Southeast Asia forum

Virgin Backpacking Trip to Indochina

  • lilvagabond

    Joined Travelfish
    5th May, 2013
    Posts: 2

    Hi everyone, so I'm planning my first ever (pre-college) backpacking trip to Indochina (Vietnam, Laos, Cambodia). I've got a rough plan:

    10 weeks, beginning from HCMC and then up North, crossing the Tay Trang border to Laos, down South and finally entering Cambodia through Trapaeng Kriel.This will take place end December to early March. I'll most probably be going solo, or I would have a friend join be through Vietnam.

    For someone who likes to explore a country in its entirety, I know 10 weeks might be a little tight for me. But I'm not into the trekking/hiking/cycling land adventure stuff so I guess I can save some time on that. I'm looking more for a cultural experience where I can soak in the local lifestyle, learn about the minorities, spend some quiet time, hit the beaches, and of course visit those main tourist historical sites and scenic spots. Visiting off-the-track or rural areas would be a bonus! (Though if I assume they are somewhere hard to access I'm not sure how I'm going to get my lazy ass up the mountains/through long trekking paths if I'm not going to move some limbs - backpacking is enough exercise for me.)

    Any suggestions on itinerary for 10 weeks, places I can forgo (considering my preferences), tips and whatnot? Will be greatly appreciated!

    #1 Posted: 5/5/2013 - 11:24

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  • caseyprich

    Joined Travelfish
    3rd March, 2010
    Location China
    Posts: 1142
    Total reviews: 50
    Places visited:
    At least 43

    I think you are giving yourself a good bit of time to soak up some of the local culture. I'm wondering what your rough plan is - something like 3 weeks from HCMC to Northern Vietnam . . . then 2-3 weeks Laos and 2-3 weeks Cambodia . . . with maybe one last week to get back into Vietnam and work through the Delta back to HCMC to fly home?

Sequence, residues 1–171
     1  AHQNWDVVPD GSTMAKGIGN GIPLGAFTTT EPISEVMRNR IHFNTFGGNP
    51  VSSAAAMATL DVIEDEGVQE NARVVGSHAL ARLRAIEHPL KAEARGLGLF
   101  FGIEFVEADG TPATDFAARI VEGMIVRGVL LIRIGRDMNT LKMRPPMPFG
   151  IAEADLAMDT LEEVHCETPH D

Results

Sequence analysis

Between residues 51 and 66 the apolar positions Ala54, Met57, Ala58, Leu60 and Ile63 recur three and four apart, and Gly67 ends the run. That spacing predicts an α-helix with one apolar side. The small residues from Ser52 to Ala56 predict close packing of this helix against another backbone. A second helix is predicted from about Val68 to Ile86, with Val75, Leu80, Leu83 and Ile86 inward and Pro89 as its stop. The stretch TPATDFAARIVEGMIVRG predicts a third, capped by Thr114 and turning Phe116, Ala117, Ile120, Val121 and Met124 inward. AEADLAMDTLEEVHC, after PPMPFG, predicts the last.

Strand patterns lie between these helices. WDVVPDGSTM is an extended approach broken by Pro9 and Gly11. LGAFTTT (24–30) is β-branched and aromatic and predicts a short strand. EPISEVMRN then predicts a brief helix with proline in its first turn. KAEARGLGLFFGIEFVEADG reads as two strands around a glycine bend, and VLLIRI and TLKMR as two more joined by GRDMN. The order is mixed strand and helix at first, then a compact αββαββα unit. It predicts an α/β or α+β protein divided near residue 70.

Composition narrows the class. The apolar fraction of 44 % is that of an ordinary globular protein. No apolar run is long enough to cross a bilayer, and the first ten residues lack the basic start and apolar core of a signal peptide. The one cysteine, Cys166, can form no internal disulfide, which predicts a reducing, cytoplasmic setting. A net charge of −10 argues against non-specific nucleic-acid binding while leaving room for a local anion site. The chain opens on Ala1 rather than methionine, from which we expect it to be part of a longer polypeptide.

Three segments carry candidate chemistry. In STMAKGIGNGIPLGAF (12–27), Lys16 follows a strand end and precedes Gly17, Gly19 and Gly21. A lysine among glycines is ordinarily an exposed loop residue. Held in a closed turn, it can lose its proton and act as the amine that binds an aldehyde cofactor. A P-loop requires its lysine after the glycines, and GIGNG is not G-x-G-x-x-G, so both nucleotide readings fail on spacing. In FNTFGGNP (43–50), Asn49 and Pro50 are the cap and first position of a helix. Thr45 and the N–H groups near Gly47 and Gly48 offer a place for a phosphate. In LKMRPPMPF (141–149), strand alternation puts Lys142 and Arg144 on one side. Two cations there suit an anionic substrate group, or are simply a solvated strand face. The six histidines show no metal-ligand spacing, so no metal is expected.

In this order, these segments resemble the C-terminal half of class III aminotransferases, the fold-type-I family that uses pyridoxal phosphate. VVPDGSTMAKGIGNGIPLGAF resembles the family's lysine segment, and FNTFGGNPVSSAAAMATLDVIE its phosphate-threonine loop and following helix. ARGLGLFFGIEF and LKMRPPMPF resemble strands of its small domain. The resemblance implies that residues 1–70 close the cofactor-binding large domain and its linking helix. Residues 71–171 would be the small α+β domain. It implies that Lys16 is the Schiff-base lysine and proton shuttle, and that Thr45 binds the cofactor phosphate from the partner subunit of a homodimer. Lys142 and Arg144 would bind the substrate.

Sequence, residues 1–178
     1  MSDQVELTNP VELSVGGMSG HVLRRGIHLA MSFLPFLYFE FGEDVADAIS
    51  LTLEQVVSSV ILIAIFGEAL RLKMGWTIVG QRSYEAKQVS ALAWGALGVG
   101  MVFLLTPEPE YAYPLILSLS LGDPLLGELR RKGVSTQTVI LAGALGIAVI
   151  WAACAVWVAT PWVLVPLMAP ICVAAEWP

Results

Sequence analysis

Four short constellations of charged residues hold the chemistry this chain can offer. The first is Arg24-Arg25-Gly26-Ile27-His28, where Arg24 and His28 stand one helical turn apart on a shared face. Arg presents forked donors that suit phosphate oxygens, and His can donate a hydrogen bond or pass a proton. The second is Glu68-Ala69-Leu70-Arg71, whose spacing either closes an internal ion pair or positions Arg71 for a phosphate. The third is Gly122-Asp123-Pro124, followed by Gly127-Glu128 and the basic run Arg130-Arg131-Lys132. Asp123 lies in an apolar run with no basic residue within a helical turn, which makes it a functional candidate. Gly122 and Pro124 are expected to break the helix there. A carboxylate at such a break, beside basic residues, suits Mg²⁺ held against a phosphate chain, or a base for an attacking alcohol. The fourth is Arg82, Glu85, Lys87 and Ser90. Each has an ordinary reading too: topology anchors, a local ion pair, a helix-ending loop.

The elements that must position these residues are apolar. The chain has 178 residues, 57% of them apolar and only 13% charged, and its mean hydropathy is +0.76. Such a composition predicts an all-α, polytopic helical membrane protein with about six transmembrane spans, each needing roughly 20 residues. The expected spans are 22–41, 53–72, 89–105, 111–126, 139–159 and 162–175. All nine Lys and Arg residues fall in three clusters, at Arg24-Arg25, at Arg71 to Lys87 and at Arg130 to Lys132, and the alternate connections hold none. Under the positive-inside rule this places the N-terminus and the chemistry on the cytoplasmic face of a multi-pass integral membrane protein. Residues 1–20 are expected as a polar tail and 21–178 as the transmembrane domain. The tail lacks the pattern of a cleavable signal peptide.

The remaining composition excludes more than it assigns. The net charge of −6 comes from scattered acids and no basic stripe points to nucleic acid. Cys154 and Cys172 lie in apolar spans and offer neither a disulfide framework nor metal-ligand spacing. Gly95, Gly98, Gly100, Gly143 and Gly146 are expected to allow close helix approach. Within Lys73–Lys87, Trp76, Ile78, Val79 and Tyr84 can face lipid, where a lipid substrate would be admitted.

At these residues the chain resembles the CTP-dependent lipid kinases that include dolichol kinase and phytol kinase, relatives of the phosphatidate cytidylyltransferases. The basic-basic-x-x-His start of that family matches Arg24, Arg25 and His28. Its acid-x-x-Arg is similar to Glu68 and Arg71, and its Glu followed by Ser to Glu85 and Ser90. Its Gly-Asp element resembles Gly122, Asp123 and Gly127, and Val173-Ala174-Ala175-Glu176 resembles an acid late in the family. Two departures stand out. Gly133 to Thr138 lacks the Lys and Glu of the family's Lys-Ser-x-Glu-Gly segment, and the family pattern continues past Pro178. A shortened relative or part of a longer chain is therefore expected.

Without wanting to hop on a motorbike some of your ability to soak up local lifestyle will be curtailed as you'll have to stick to the urban areas unless you go on a guided hike. Some of these can be done with relatively little effort though. For a basic itinerary I'd recommend with your time frame you think about regions rather than plan out a strict number of days per city. Also, slicing a couple days off the 3 weeks of Laos and Cambodia and applying them to Vietnam would give you a little more time to explore that slightly more diverse country.

    Just to mention some highlights . . . . for culture I think you not only want to hit Hoi'an, but to get the feel of a Vietnamese city that isn't near chaos it would be nice for you to spend a couple nights in Da Nang - a great city with a great vibe. Then, of course you'll want to visit Hue. I'd recommend you use trains as much as possible to get around Vietnam as it is your only chance to enjoy them. I figure you're going out to Sapa (it'll be chilly at night and possibly damp up in Northern Vietnam and Laos so make sure to pack appropriately for that). Without getting on a motorbike I don't know how much you'll get to see around Sapa - but I've little experience with that.